Toronto is getting a dazzling condo tower with a design unlike anything else in the city
A significant new development application promises a bold architectural addition for the city, with a proposal for a 30-storey tower that has the potential to become a globally-recognized Toronto landmark, stepping out of line with the bland procession of condo projects churned out in the region.
The submission calls for the redevelopment of 15 and 17 Elm Street, just west of Yonge Street, currently occupied by low-rise buildings, including the current home of the Elm Street Italian Deli and the Fraternal Order Of Eagles.
For its first-ever and flagship project, Fora Developments is working with Oikoi Living to bring something unique to the skyline in an avant-garde/Art Nouveau style reminiscent of legendary Catalan architect Antoni Gaudi, best known for the perpetually under-construction Sagrada Família in Barcelona.
Fora is making a statement right out of the gate by bringing on one of Toronto’s most daring architecture firms in Partisans, a name that has earned accolades in recent years with some spectacularly bold designs, perhaps best known locally for the warm, organic interior design of Grant van Gameren's Bar Raval.The proposal calls for a tower with a height of 99 metres and a floor area of 14,363 square metres. Aside from a retail component on the P1 and ground floors, almost all of the space would be allocated to residential uses, with 174 units planned in a mix of five studios, 95 one-bedrooms, 51 two-bedrooms, and 23 three-bedroom suites.
Maurice Wager, Founder and President of Fora Developments, tells blogTO that "just as this great city was due for the Michelin guide, so too does Toronto deserve a greater investment in projects that advance our collective need towards placemaking."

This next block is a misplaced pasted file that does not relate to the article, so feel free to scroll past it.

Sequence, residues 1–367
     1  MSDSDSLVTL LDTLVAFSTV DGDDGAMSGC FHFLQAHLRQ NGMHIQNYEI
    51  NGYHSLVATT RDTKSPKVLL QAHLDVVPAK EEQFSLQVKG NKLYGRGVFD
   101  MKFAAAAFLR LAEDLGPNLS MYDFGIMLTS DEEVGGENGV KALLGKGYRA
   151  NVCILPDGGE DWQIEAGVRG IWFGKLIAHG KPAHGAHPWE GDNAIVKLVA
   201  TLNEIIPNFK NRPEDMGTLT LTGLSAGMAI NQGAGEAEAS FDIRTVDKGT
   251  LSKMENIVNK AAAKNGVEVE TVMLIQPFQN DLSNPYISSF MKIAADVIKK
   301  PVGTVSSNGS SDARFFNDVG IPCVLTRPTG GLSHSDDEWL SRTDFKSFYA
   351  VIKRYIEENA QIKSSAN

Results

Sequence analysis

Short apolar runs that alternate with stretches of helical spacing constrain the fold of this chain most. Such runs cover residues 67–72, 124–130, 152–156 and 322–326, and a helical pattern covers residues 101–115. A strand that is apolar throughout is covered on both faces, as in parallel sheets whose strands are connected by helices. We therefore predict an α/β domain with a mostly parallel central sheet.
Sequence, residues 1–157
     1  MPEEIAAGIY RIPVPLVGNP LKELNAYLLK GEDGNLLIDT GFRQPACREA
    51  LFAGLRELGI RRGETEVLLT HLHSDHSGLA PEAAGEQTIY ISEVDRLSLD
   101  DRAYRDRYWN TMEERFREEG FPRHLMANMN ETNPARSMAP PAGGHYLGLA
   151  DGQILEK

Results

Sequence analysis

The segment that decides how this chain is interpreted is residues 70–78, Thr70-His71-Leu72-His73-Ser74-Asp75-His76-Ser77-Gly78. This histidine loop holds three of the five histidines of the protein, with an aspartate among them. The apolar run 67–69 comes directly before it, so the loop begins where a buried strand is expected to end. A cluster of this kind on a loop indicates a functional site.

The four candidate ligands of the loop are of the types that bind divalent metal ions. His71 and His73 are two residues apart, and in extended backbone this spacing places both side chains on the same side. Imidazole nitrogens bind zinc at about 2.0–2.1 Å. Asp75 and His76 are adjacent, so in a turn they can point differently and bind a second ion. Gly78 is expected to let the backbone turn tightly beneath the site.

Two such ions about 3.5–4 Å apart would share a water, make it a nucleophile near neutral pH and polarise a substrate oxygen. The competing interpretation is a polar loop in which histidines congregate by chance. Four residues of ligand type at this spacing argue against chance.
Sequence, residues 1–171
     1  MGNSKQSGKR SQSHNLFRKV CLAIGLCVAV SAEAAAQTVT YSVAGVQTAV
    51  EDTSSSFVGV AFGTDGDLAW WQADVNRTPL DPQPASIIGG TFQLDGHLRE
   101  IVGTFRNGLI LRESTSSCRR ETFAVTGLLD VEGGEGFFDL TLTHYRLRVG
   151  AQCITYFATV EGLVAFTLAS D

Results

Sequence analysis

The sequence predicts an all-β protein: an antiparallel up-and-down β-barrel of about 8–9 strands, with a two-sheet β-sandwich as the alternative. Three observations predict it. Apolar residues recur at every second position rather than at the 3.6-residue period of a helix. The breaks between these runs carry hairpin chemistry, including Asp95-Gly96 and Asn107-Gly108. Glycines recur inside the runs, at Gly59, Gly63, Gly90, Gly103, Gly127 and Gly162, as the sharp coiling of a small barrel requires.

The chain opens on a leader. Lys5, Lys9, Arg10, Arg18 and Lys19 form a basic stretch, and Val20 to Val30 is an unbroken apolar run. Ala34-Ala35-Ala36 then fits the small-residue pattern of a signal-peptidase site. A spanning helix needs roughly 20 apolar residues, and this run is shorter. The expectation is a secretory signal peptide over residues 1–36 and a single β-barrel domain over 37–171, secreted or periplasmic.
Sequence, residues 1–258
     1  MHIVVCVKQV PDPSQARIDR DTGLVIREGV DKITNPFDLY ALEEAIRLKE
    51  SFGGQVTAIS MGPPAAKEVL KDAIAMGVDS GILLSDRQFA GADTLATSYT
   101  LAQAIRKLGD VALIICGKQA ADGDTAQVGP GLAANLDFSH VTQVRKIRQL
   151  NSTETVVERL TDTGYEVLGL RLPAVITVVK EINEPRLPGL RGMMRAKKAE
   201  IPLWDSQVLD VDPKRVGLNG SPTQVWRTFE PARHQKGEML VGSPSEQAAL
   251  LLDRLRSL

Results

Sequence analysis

The design for the Elm Street development is described in planning documents as "an undulating and wispy cloud-like series of round sculpted forms that lengthen as they go up the building."
A rendering is far from a promise, however, and while these jaw-dropping images are certainly a treat for the eyes, projects are not approved by city planners based on their aesthetic appeal.
A developer is under no obligation to follow through with a very costly design once zoning is approved, but only time will tell if these promising renderings become a reality.
But Alex Josephson, co-founder of Partisans, seems optimistic.
Josephson tells blogTO that "The Elm project is about saying yes we can. It's an organic and optimistic approach to the architecture of mixed-use towers. "
"At its core, this is a series of stacked cubes that are clad in a way to evoke the softness of rising clouds and movement."
"We are asking the city and the citizens of Toronto to dream together," says Josephson. "This is possible, we just need to allow ourselves to pave the runway for them to come to life.
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